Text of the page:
In the same blog post he also points out ONC’s numbers that “nearly all hospitals and approximately three-quarters of doctors reported using certified EHRs.”

That all sounds like a success to me. All these rosy numbers about people being helped. Lest we think this report doesn’t matter, HHS has already announced another $100 million over 5 years for what I’d call REC like support money for those participating in MACRA. I expect many of the RECs to get this money, but we’ll see.

What’s clear to me is that these REC organizations did indeed help many organizations get access to the meaningful use money. Only in the government could you spend money to get people to have you spend more money, but I digress. Most of the REC organizations that I met with really did a lot to help small practices with the meaningful use program. Some of their EHR selection efforts could be questioned, but not the MU help they provided. I can’t remember how many posts I’ve written about the random methodology that RECs seemed to use in their efforts to help their clients choose an EHR. It was a mess and full of weird influences (Note: There were some exceptions where certain RECs just supported everyone and every EHR or at least did a good job having their clients drive the process of which EHR to support).

When you look at the recent study be Deloitte that many doctors don’t know about MACRA, that could partially be because the RECs did a lot of the meaningful use education for doctors. We don’t have that yet for MACRA.

Personally, I’m torn on how valuable the RECs have been to the progression of health IT. Did they really help practices choose the right EHR and implement it in an effective way? What would have happened if they weren’t there? At the end of the day, the cost of the RECs is small potatoes next to the billions we spent on meaningful use. I’m sure some rural practices would have never considered participating in meaningful use if it weren’t for the RECs. No doubt that’s who the politicians are thinking about when they included the money for RECs and now for MACRA support.

The harder question to answer is if healthcare is better off with all these rural practices being “meaningful users” of EHR.

What’s the Impact of MACRA on Small Practices?

Posted on July 22, 2016 I Written By

John Lynn is the Founder of the HealthcareScene.com blog network which currently consists of 10 blogs containing over 8000 articles with John having written over 4000 of the articles himself. These EMR and Healthcare IT related articles have been viewed over 16 million times. John also manages Healthcare IT Central and Healthcare IT Today, the leading career Health IT job board and blog. John is co-founder of InfluentialNetworks.com and Physia.com. John is highly involved in social media, and in addition to his blogs can also be found on Twitter: @techguy and @ehrandhit and LinkedIn.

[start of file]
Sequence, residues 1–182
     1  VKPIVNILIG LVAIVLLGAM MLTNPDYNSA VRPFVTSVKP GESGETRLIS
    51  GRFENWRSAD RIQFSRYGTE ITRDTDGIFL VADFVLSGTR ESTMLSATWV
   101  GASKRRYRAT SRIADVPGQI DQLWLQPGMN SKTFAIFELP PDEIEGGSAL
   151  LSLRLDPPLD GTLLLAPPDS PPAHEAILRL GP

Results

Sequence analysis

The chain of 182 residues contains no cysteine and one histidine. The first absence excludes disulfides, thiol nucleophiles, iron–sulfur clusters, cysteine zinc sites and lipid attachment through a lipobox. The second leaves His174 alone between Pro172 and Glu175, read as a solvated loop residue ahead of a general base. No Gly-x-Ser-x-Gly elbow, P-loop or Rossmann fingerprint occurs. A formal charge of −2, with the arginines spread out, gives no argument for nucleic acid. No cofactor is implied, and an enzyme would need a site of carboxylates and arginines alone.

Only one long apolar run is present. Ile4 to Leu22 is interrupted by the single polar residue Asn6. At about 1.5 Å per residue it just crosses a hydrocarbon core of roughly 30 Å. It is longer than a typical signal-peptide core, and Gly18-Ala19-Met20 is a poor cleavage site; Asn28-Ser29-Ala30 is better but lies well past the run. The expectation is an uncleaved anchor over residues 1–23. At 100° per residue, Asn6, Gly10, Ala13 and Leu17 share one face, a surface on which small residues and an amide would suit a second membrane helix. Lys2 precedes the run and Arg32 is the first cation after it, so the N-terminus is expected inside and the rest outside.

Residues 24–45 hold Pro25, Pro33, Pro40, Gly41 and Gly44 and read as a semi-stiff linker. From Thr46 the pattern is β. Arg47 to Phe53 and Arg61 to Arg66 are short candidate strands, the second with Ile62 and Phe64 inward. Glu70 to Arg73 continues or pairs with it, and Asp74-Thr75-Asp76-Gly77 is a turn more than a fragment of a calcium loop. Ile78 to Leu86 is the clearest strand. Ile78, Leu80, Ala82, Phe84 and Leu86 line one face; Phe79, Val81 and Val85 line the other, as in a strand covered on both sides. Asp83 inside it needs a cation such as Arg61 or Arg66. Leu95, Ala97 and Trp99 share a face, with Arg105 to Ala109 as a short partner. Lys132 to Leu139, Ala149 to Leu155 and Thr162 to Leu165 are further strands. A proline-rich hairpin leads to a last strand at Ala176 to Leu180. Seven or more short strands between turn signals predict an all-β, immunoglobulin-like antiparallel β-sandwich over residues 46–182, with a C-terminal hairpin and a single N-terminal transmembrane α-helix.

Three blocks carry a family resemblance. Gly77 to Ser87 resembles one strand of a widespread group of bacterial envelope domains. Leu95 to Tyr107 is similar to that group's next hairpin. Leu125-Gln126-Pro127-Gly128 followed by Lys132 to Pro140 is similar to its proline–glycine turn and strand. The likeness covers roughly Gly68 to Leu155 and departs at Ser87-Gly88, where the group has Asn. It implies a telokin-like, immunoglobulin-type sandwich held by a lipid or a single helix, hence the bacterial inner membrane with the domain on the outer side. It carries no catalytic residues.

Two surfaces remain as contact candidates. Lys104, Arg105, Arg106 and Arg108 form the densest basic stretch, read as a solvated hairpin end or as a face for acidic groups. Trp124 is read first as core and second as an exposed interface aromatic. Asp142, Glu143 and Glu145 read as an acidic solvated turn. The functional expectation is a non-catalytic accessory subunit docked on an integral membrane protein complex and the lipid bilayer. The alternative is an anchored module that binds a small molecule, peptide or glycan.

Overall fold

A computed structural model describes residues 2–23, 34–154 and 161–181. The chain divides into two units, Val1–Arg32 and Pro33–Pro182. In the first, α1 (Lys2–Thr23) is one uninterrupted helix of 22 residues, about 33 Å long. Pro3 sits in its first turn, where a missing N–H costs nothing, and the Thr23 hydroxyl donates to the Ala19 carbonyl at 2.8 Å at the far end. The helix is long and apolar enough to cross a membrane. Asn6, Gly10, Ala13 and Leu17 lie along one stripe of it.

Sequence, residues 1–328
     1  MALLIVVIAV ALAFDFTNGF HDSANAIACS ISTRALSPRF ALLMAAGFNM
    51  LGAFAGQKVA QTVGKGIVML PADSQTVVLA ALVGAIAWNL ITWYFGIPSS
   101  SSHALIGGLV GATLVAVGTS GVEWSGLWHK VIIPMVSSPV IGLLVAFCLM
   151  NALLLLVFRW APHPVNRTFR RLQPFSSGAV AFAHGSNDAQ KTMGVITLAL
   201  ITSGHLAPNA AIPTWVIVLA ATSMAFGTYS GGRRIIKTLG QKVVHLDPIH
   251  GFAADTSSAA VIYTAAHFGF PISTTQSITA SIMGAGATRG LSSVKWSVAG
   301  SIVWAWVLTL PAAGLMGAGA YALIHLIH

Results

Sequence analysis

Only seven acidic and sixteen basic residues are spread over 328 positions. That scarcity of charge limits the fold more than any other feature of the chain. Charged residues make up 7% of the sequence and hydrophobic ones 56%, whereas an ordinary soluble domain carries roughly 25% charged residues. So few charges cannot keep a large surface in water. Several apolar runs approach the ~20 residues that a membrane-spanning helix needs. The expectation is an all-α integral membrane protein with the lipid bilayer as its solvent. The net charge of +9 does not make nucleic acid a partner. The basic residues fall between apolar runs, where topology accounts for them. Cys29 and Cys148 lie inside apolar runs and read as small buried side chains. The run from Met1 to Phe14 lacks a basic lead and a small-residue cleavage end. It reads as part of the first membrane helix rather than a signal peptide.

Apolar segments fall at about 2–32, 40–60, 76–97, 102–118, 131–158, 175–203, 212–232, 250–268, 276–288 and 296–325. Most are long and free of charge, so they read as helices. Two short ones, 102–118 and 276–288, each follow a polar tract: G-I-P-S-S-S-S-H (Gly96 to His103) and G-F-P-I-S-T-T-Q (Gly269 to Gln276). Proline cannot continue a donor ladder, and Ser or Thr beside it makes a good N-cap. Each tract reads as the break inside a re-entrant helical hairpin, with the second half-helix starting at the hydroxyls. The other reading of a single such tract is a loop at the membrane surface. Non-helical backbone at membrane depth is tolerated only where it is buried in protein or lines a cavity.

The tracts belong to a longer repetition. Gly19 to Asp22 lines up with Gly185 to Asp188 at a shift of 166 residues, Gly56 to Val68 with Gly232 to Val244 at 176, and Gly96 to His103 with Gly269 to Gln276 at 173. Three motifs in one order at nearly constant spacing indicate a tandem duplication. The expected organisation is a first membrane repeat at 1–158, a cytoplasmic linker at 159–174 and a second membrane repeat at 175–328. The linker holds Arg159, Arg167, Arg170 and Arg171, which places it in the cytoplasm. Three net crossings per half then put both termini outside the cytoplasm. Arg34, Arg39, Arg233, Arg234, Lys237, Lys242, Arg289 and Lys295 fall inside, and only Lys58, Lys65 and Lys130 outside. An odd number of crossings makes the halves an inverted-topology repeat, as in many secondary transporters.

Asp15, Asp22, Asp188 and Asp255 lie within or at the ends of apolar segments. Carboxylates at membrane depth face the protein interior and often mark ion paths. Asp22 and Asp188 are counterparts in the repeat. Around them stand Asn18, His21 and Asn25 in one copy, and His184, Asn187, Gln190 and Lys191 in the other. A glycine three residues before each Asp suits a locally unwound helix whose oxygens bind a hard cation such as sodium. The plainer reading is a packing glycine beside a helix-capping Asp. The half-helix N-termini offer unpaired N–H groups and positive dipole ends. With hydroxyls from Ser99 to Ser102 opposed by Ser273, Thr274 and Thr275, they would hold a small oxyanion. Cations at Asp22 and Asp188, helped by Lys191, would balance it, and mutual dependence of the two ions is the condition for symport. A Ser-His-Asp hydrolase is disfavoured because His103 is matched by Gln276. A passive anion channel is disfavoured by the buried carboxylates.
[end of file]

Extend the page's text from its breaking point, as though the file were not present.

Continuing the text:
I recently had a chance to sit down and chat with Tom Giannulli, MD, Chief Medical Officer of Kareo and Michael Sherling, MD, MBA, Chief Medical Officer and Co-founder of Modernizing Medicine, to talk about the impact of the MACRA legislation on small practices. Both of these CMOs at EHR vendors rode the meaningful use wave and now they’re preparing to ride the new MACRA wave as well. So, they were the perfect people to talk about the impact of MACRA on small practices and how a small practice should prepare themselves for the new MACRA legislation. If you’re a small practice that’s wondering about MACRA (or doesn’t even know what it is), then take the time to watch the video below to see what it means for small practices.

After our formal interviews, we always like to hold what we call the “after party.” We never know how it’s going to go. Sometimes people join in and offer their insights and ask questions and sometimes they don’t. In this case, we continued our conversation about the MACRA and small practices, but we also talked about the impact that legislation like MACRA has on an EHR vendors development lifecycle. You can learn more about MACRA in the video below:

This post was a great way to wrap up the week and also for us to announce a new blog post series we’re starting on Monday called MACRA Monday. Long time readers may remember the Meaningful Use Monday series of blog posts we did every Monday for a few years. This will be similar as we dive into the MACRA legislation and help small medical practices understand the details of what’s coming in MACRA. Watch for that on Monday!

CMS Opens Door to Possible MACRA Delay

Posted on July 15, 2016 I Written By

John Lynn is the Founder of the HealthcareScene.com blog network which currently consists of 10 blogs containing over 8000 articles with John having written over 4000 of the articles himself. These EMR and Healthcare IT related articles have been viewed over 16 million times. John also manages Healthcare IT Central and Healthcare IT Today, the leading career Health IT job board and blog. John is co-founder of InfluentialNetworks.com and Physia.com. John is highly involved in social media, and in addition to his blogs can also be found on Twitter: @techguy and @ehrandhit and LinkedIn.